Critical Temperature

What is Critical Temperature?

The critical temperature of a substance can be defined as the highest temperature at which the substance can exist as a liquid. At temperatures above the critical temperature, the substance in question (in its vapour/gaseous state) can no longer be liquified, regardless of the amount pressure applied to it.

A graph describing the triple point (the point at which a substance can exist in all three states of matter) and the critical point of a substance is provided below. It can be noted that the graph is plotted with pressure on the Y-axis and temperature on the X-axis. Therefore, the critical temperature can be obtained from the X-axis value of the critical point. The corresponding Y-axis value of the critical point, which is the pressure required to liquefy a substance at the critical temperature, is known as the critical pressure of that substance.

Critical Temperature

Critical Temperature

The critical point of a liquid was discovered by the French physicist Charles Cagniard de la Tour in the year 1822. He observed that carbon dioxide could be liquified at a temperature of 31oC when 73 atm of pressure was applied, but it could not be liquified at higher temperatures, even when pressures above 3000 atm were applied. This maximum temperature at which substances could exist in the liquid phase was later named “Critical Temperature” by Dmitri Mendeleev in the year 1860.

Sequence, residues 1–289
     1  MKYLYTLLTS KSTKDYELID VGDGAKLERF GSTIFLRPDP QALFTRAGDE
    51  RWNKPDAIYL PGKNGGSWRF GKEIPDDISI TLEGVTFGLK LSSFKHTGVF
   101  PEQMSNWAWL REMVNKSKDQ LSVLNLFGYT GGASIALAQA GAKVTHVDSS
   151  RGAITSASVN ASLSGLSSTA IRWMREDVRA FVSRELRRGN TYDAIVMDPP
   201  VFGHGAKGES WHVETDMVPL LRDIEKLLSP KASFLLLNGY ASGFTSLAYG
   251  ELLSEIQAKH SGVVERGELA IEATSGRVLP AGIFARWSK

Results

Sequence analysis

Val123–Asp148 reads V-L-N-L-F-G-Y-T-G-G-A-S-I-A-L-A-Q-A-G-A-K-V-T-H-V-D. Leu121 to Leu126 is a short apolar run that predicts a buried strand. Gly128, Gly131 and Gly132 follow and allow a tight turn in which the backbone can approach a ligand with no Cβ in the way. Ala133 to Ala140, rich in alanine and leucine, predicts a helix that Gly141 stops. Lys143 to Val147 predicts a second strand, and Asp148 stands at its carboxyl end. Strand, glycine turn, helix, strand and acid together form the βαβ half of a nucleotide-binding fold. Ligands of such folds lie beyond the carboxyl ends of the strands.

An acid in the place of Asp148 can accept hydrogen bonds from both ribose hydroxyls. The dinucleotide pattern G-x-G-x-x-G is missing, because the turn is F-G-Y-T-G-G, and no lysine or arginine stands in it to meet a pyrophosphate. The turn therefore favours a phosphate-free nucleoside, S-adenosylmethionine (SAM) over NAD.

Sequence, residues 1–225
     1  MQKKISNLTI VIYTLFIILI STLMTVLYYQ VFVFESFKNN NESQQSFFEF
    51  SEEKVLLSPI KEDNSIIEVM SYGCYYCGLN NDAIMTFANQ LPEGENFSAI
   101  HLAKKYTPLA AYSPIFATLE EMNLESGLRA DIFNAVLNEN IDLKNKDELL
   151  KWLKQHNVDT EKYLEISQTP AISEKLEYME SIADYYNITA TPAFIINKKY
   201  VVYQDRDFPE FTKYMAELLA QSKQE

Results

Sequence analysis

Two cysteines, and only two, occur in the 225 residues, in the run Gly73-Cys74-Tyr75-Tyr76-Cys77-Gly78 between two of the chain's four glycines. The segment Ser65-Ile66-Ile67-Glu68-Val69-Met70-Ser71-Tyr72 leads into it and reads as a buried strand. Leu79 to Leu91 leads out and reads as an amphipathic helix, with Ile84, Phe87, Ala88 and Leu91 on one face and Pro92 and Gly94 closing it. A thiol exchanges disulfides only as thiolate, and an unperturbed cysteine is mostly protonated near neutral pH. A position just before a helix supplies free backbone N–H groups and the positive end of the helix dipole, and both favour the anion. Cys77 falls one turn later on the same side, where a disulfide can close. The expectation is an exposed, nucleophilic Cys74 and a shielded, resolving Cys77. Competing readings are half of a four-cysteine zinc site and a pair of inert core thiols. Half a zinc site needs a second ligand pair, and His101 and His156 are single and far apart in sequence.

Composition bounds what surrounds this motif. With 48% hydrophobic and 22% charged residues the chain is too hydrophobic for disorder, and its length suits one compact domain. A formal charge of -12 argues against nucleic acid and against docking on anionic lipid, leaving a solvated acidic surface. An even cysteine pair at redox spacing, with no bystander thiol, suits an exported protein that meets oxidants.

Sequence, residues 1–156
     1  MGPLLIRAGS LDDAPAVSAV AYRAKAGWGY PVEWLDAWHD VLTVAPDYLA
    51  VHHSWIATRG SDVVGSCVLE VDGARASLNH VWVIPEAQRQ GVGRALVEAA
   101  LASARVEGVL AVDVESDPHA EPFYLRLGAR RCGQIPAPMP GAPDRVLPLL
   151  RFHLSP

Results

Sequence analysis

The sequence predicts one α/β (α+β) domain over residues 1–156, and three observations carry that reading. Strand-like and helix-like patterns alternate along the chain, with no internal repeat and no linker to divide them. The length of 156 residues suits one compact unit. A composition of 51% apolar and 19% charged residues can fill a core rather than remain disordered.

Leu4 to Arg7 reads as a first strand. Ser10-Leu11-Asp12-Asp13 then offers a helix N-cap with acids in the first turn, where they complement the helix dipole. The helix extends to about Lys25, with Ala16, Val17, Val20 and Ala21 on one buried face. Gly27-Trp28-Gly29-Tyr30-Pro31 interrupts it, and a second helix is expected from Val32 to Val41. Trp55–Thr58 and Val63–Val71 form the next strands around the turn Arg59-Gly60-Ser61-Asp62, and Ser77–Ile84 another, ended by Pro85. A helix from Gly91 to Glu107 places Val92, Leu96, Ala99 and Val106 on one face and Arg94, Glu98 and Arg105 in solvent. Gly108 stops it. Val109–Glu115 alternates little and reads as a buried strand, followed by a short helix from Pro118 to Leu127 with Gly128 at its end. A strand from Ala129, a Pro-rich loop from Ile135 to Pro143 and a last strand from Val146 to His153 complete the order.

Critical Temperatures and Pressures of Some Substances

The critical temperatures and pressures of some substances are listed in a tabular column below. It can be noted that the temperature value corresponding to the critical point of a substance is denoted by Tc whereas the corresponding pressure is described by the symbol Pc.

Substance Critical Pressure (Pc) Critical Temperature (Tc)
Ammonia (NH3) 111.3 atm 405.5 K
Carbon Dioxide (CO2) 72.8 atm 304.19 K
Nitrogen (N2) 33.5 atm 126.2 K
Water (H2O) 217.7 atm 647.09 K
Helium (He) 2.24 atm 5.19 K
Chlorine (Cl) 76.0 atm 416.9 K
Lithium (Li) 652 atm 3220 K
Gold (Au) 5000 atm 7250 K

From the table provided above, it can be observed that metals generally have very high Tc and Pc values. On the other hand, helium has one of the lowest critical temperatures (valued at 5.19K).

Points to remember:

  • The critical temperature of water is 647 K
  • The critical temperature of steel is 1533.15 K
  • Boiling point and critical point are not the same. The boiling point can be defined as the temperature at which a liquid is converted to vapour whereas the critical point is achieved when temperature and pressure are very high and the material is gaseous as well as the liquid state.

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